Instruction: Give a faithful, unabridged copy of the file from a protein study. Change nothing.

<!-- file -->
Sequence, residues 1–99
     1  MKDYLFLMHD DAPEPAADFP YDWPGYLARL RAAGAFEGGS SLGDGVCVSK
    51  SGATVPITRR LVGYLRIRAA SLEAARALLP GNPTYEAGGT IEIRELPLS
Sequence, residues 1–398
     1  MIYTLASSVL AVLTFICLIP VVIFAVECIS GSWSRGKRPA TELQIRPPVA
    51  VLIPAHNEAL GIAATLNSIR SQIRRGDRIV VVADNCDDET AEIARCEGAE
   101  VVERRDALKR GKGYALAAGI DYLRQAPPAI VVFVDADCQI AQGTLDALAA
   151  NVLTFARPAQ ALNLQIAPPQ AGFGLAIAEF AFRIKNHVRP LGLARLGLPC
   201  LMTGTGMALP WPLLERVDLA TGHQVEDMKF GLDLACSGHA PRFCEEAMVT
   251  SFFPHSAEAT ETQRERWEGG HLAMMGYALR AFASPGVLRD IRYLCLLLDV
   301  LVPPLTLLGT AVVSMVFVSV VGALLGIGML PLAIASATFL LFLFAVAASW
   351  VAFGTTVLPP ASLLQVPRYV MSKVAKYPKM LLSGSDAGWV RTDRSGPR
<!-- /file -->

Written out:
Sequence, residues 1–99
     1  MKDYLFLMHD DAPEPAADFP YDWPGYLARL RAAGAFEGGS SLGDGVCVSK
    51  SGATVPITRR LVGYLRIRAA SLEAARALLP GNPTYEAGGT IEIRELPLS
Sequence, residues 1–398
     1  MIYTLASSVL AVLTFICLIP VVIFAVECIS GSWSRGKRPA TELQIRPPVA
    51  VLIPAHNEAL GIAATLNSIR SQIRRGDRIV VVADNCDDET AEIARCEGAE
   101  VVERRDALKR GKGYALAAGI DYLRQAPPAI VVFVDADCQI AQGTLDALAA
   151  NVLTFARPAQ ALNLQIAPPQ AGFGLAIAEF AFRIKNHVRP LGLARLGLPC
   201  LMTGTGMALP WPLLERVDLA TGHQVEDMKF GLDLACSGHA PRFCEEAMVT
   251  SFFPHSAEAT ETQRERWEGG HLAMMGYALR AFASPGVLRD IRYLCLLLDV
   301  LVPPLTLLGT AVVSMVFVSV VGALLGIGML PLAIASATFL LFLFAVAASW
   351  VAFGTTVLPP ASLLQVPRYV MSKVAKYPKM LLSGSDAGWV RTDRSGPR